On the men’s side of the evening, everything went as scripted. Javier Bardem took home the Supporting Actor trophy, touting No Country and his homeland of Spain in the process, while Best Actor Daniel Day-Lewis continued to carry There Will Be Blood on his sinewy British shoulders. Paul Thomas Anderson’s epic provided another of the night’s unexpected thrills when Robert Elswit walked away with the Oscar for Best Cinematography. In a career spanning more the 25 years, and dozens of good (Boogie Nights) and god-awful (Moving Violations) movies, this was only his second nomination - and he ended up beating Roger Deakins who was up for two awards himself (No Country for Old Men and The Assassination of Jesse James by the Coward Robert Ford). The man behind the Coen’s bleak Southwestern vision went home empty handed for the seventh straight time.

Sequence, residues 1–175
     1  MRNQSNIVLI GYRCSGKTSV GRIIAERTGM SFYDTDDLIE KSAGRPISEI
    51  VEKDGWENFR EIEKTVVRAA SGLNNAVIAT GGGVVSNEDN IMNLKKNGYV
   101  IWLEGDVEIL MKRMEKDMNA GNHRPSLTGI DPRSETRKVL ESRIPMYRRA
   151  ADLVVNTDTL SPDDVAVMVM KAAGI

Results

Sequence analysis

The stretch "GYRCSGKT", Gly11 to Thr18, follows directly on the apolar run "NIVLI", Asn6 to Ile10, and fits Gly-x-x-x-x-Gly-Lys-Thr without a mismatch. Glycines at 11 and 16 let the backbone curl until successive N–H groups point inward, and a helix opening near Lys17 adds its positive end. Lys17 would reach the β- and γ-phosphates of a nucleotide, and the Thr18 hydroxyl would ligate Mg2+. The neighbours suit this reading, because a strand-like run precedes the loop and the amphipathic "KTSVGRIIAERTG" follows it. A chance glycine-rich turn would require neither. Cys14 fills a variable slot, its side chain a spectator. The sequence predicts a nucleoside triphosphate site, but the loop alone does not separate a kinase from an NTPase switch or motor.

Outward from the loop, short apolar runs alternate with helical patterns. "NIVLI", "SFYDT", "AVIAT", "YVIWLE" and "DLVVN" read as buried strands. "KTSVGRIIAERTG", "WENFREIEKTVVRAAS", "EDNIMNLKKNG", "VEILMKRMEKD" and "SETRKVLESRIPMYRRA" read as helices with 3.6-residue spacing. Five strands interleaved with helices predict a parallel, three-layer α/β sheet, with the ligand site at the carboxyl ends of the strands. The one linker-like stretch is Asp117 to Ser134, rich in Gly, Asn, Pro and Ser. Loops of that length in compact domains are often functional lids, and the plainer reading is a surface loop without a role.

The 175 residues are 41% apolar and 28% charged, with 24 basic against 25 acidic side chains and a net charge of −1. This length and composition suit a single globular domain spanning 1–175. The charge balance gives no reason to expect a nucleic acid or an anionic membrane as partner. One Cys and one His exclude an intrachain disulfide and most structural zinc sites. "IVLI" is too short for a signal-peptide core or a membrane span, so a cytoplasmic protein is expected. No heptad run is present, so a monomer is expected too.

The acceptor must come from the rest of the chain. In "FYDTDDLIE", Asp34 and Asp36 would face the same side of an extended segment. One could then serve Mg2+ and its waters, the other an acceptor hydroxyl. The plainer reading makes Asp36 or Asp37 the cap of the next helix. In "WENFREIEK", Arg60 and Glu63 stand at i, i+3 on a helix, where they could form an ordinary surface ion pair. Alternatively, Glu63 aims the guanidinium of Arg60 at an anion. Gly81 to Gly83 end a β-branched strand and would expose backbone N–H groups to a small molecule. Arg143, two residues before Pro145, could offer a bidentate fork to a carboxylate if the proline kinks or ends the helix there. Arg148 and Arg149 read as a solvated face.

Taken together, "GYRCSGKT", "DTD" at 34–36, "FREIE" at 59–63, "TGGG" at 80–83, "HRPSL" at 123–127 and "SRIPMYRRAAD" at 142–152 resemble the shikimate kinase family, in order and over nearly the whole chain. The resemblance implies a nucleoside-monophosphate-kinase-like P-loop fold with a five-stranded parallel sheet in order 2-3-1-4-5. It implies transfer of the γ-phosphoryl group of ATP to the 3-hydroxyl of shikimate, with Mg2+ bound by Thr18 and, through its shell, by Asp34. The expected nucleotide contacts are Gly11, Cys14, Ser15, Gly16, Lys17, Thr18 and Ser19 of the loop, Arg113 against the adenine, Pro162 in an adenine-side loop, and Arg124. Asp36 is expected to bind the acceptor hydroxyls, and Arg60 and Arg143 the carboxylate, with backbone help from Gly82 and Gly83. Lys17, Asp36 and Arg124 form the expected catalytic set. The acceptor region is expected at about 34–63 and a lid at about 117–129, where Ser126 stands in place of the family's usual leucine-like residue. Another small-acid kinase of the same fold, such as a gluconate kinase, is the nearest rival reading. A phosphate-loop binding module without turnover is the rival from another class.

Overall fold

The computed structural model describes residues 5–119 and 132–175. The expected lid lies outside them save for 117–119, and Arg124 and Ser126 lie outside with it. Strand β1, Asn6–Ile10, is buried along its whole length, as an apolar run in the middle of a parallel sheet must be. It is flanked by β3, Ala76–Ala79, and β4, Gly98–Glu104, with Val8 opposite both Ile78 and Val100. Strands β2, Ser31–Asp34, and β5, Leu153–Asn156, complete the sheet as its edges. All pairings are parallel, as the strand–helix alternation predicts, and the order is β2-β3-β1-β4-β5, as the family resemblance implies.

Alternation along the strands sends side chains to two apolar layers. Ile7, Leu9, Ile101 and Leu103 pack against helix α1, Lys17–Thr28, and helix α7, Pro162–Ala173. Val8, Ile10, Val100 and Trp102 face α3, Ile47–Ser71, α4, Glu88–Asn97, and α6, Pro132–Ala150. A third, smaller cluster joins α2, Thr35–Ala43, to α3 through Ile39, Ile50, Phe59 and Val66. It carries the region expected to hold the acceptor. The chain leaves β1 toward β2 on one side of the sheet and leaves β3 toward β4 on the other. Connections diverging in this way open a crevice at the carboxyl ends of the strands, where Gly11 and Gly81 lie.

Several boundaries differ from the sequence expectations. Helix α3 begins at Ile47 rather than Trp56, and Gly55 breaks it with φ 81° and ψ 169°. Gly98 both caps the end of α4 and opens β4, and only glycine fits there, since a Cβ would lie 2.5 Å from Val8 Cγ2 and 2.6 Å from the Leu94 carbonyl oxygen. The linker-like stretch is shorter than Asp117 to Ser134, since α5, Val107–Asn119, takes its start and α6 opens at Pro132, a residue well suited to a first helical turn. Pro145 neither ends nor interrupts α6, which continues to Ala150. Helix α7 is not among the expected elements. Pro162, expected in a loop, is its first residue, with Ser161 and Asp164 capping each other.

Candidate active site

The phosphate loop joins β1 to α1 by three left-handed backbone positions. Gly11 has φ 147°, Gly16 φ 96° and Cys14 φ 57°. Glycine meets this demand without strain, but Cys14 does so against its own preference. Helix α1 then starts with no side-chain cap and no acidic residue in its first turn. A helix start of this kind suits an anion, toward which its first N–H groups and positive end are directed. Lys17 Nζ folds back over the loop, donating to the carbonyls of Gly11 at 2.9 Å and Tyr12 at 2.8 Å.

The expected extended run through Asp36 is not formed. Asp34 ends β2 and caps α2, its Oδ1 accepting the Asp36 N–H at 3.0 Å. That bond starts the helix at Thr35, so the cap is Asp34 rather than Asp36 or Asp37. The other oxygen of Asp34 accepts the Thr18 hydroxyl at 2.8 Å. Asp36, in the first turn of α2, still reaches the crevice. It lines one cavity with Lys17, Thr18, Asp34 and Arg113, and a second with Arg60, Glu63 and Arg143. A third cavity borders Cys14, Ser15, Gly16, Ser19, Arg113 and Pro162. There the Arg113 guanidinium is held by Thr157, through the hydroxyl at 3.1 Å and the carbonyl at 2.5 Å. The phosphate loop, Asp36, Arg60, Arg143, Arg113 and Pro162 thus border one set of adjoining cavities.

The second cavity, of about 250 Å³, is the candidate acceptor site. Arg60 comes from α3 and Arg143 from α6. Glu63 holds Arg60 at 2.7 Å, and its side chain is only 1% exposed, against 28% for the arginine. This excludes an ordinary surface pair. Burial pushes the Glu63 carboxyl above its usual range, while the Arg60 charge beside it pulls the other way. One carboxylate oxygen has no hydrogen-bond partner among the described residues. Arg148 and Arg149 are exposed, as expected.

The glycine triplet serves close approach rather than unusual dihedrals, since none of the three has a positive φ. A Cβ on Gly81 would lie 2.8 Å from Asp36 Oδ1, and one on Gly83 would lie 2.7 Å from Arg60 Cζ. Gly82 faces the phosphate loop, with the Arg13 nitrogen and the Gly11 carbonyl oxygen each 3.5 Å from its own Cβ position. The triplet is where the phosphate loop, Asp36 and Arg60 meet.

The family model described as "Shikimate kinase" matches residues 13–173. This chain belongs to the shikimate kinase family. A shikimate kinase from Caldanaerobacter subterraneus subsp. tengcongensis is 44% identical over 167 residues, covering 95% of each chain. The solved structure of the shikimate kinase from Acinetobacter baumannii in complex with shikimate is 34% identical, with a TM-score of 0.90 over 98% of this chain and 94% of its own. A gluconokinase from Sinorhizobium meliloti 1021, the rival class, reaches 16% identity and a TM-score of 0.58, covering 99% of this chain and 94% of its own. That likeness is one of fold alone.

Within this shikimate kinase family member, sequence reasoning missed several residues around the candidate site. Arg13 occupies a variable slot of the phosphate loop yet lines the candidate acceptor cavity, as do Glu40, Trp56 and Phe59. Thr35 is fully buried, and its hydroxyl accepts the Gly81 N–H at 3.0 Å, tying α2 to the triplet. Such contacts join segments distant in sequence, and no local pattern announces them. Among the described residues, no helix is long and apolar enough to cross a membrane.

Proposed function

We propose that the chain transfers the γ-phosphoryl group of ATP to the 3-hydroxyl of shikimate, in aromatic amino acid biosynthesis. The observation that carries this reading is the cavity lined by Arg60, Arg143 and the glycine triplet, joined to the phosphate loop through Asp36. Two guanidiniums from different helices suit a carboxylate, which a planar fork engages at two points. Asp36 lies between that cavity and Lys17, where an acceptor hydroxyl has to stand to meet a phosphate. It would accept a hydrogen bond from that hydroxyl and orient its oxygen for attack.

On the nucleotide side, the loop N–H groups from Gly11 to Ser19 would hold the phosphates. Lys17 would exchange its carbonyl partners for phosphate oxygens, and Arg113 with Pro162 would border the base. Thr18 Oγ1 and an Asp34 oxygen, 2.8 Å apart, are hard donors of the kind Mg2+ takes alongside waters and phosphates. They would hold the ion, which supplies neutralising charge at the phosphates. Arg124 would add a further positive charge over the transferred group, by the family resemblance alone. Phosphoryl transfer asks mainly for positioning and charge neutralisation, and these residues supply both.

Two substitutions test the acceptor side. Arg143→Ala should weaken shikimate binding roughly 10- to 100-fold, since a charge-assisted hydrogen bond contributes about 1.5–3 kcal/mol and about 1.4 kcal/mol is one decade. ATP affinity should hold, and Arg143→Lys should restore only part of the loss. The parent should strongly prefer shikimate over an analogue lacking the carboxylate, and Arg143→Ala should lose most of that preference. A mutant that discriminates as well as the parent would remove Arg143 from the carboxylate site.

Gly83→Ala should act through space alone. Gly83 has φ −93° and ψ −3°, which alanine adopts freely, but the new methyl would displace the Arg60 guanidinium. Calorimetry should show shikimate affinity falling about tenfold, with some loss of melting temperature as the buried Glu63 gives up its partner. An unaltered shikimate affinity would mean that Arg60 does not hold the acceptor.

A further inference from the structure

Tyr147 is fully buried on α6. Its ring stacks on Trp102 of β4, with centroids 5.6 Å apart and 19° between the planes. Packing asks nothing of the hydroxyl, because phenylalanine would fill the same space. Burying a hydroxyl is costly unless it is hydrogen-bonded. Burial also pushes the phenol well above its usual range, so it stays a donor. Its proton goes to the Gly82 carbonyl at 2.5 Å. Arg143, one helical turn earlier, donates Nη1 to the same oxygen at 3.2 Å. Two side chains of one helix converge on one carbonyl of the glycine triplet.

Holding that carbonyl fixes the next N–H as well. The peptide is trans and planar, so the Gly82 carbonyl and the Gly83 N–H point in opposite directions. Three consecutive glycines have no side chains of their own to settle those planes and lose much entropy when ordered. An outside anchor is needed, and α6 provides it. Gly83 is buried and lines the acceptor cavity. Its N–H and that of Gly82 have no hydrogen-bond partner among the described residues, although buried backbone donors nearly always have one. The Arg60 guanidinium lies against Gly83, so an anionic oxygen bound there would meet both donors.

Elsewhere, there was conformity and confusion. Somehow, Compass did beat both Transformers and Pirates of the Caribbean: At World’s End for Visual Effects while La Vie en Rose picked up a second trophy for Make-Up work (beating Norbit, Hallelujah!). The Bourne Ultimatum garnered three trophies, all in the technical fields (Achievement in Editing, Sound, and Sound Editing). On the other hand, Sweeney Todd: The Demon Barber of Fleet Street had to settle for a single award for Best Art Design (Dante Ferretti and partner Francesca Lo Schiavo had previously won for The Aviator). Other singular winners included Atonement (Best Score), Elizabeth: The Golden Age (Best Costumes), and Juno (Best Original Screenplay). Diablo Cody, author of the feel-good pop culture comedy was another recipient visibly shaken when she accepted her statue. Even her typical ‘too cool for school’ demeanor faded in light of the moment’s majesty.